Their solutions range from dumping items (even fragile tomatoes and mushrooms) out on the bare counter to giving one free item, to crediting back a couple of dollars at the end of the transaction.

I'm writing to them to ask them to correct this. I hope that other people who shop at national chains would do the same. It would probably be more effective.

I'm also asking them to get compostable produce bags. I currently use the ones I get to line the kitchen compost bin. The other 'organic' stores I've shopped at all have compostable bags that more or less go back to nature. Whole Foods really needs to step up.

*******

I didn't find an online pattern that I liked, so I made my own pattern for the produce bags. They work great! The sharp ends of corn and sweet potatoes no longer shred the bags the way they do with the plastic bags. They also work fine for bulk items, even grains. Cutting the pattern out of cardboard first made it easy to make multiples.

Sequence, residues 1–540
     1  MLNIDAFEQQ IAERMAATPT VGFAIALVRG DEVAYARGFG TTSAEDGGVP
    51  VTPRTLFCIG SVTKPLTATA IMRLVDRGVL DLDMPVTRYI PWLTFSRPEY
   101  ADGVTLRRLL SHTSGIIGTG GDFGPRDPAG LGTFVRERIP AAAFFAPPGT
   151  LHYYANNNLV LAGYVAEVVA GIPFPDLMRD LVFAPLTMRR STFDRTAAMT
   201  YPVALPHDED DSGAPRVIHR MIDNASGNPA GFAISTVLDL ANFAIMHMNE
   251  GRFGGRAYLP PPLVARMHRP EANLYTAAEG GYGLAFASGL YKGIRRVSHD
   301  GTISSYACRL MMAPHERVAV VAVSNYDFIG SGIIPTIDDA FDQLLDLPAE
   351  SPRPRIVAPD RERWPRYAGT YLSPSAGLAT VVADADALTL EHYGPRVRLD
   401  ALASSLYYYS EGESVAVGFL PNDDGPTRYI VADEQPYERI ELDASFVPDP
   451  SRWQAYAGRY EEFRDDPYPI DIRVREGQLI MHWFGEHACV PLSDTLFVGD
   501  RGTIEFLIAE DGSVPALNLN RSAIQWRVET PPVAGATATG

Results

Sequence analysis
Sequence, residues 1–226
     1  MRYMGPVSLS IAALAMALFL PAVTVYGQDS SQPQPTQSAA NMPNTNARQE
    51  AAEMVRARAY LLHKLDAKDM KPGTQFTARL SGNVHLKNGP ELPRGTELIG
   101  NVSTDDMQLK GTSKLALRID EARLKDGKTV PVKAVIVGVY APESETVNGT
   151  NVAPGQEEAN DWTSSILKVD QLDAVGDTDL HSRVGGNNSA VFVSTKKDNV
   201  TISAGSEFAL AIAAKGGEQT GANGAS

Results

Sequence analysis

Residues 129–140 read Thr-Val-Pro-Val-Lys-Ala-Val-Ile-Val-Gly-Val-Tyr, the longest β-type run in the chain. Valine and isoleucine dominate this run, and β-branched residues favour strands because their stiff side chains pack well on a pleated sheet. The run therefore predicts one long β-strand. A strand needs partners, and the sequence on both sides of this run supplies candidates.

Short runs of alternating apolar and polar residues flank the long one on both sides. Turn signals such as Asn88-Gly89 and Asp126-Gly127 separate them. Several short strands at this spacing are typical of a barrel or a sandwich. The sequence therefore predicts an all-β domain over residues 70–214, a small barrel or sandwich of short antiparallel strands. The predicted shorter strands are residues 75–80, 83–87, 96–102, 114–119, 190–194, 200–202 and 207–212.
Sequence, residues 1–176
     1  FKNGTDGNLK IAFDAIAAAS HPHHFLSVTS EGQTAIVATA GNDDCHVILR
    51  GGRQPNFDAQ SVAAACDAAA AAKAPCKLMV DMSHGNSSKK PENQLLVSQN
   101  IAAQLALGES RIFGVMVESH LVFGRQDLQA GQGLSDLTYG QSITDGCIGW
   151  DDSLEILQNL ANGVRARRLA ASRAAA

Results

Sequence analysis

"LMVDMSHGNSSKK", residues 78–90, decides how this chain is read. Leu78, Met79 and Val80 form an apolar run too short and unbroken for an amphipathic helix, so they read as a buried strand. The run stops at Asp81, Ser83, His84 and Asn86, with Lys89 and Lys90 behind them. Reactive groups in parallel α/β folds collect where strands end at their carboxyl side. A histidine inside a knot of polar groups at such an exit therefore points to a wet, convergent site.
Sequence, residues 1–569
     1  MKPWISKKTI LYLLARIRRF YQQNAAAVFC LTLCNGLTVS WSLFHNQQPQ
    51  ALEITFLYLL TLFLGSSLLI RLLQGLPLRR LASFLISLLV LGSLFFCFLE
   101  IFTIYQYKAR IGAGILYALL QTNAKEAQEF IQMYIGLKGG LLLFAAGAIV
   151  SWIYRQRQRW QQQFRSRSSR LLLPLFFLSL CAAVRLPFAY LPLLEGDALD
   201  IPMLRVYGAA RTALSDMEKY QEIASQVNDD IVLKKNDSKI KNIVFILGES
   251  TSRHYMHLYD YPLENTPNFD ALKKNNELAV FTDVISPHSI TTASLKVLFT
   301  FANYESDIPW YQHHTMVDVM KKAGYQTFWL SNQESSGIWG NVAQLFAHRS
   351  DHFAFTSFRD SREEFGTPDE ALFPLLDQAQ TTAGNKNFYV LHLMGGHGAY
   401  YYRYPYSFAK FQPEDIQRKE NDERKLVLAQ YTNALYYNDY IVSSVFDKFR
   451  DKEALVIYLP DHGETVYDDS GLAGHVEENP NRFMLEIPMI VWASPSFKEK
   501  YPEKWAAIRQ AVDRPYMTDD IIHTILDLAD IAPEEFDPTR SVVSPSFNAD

I'm still using purchased large insulated bags as regular shopping bags, but when those wear out, I'm thinking about making some like these:

https://sew4home.com/projects/storage-s ... nvironment

https://sew4home.com/projects/storage-s ... pping-tote
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Re: Bag It - Is Your Life Too Plastic?

Postby rickfm » Thu Jul 05, 2012 11:17 am

Oooh, I didn't think about the weight difference of cloth produce bags. Something to consider... am I willing to pay a few cents more for produce to help keep the planet a little cleaner? I think so.

And there are some produce items that I typically put in plastic that I really don't need to... onions, garlic bulbs, cucumbers. Hmmm... this really has me thinking about my habits.
Last edited by rickfm on Thu Jul 05, 2012 11:35 am, edited 1 time in total.